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The EU held out for a lower cost and got caught in bureaucratic delays trying to negotiate for all 27 nations in the Union. The EU had still not authorised the AstraZeneca vaccine for use last week, even as it was accusing the firm – which makes no profit from the vaccine – of selling to the highest bidder.

All hell broke loose on January 21 when AstraZeneca told Brussels that because of problems in its Belgian plant, it could only supply one-quarter of the 80 million odd doses it had agreed to deliver by March.

The company insists that it had entered into what is called a “best effort” agreement, and that it gave no cast-iron commitment to deliver come what may.

The UK Government has sought to keep out of the row. There has been some injudicious crowing from Brexiters like Nigel Farage. But Boris Johnson has tried to sound magnanimous, offering to help out in the EU once its UK order has been fulfilled.

But no way is he agreeing to give up British vaccines ordered and paid for. If he did, the immunisation schedule would be delayed here and people in the UK might die.

It’s the age-old question of altruism: are you willing to risk the lives of British people in order to save lives in other countries?

As in wartime, the first responsibility of any government in a national crisis is always going to be the welfare of its own people. This is a legal responsibility of the state, though one so obvious that it rarely needs to be stated.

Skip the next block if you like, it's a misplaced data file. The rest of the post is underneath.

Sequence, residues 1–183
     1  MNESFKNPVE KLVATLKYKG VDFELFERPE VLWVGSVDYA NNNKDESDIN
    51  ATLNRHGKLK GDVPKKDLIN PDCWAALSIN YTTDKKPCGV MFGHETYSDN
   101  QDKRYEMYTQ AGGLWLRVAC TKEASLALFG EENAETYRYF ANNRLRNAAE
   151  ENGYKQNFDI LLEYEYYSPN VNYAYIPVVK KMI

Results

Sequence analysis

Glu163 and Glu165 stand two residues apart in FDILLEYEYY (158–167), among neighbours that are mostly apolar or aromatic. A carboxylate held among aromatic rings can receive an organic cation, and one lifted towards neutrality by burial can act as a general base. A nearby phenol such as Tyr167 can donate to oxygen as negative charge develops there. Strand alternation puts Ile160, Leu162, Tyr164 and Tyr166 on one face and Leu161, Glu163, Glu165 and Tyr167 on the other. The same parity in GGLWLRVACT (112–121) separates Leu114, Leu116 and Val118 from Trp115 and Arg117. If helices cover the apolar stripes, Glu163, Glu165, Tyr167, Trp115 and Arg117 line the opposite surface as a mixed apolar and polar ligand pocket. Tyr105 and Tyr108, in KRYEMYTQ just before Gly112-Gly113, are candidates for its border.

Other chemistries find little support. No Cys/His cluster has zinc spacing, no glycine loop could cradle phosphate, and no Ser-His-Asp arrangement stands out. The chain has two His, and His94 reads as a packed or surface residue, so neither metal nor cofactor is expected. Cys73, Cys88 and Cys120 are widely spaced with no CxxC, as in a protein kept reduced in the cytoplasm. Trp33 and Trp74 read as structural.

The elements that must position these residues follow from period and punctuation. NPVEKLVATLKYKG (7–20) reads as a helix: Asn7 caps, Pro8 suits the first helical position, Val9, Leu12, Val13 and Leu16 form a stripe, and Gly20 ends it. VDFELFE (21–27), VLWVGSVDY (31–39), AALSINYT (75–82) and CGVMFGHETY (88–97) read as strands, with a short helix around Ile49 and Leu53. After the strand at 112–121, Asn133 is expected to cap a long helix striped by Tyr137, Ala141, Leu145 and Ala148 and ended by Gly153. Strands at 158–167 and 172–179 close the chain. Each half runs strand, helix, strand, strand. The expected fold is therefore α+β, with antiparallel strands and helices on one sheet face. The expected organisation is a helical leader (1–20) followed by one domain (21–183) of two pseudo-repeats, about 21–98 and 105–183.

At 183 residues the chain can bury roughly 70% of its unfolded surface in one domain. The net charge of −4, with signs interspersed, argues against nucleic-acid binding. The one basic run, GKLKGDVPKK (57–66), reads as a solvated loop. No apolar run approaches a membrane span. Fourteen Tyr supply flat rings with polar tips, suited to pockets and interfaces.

The sight of the richest countries on the planet squabbling over millions of vaccines is unedifying, to put it mildly. Many African countries have been able only to get their hands on hundreds or less. However, the poor countries have been cautious in their condemnation.

They need this to be resolved quickly so they can get sorted with vaccines under the UN-sponsored COVAX programme. The UK has pledged £548 million, rather more than the EU.

With the world watching there is a moral imperative for this disgraceful row to be resolved as quickly as possible.

Fortunately, new vaccines seem to be arriving almost by the week, like the Valneva vaccine which is to be manufactured in Livingston. Once again, the UK pre-ordered 60 million doses and invested heavily in manufacturing before there was any guarantee of success.

Boris Johnson made a point of visiting the plant last week to demonstrate the “benefits of the Union”.

The question being asked in the capitals of Europe, and in Germany in particular, is why the European Union, with all its buying power, was left so flat-footed.

It underlines a basic contradiction in the constitutional arrangements. It is baked into the DNA of the EU that nationalism is a curse, which in many ways it is. They talk of “British exceptionalism” and “Brexit nativism” as if this is a character defect.

However, the problem with Brussels is precisely that it is not a nation and does not see itself as responsible to any one national community.

The European Commission is not a democratic institution and cannot be held to account through a general election. It is a bureaucracy which, like all bureaucracies, puts its own protocols first.

Everything has to be processed through the national governments of 27 member states. Nimble it is not.

A delay in supply might have seemed a small price to pay for ensuring that all of Europe moved at the same pace. However, it failed to appreciate that the voters in member countries would not see it that way.

In future, Europe may have to become a proper state or the nations may, to coin a phrase, take back control.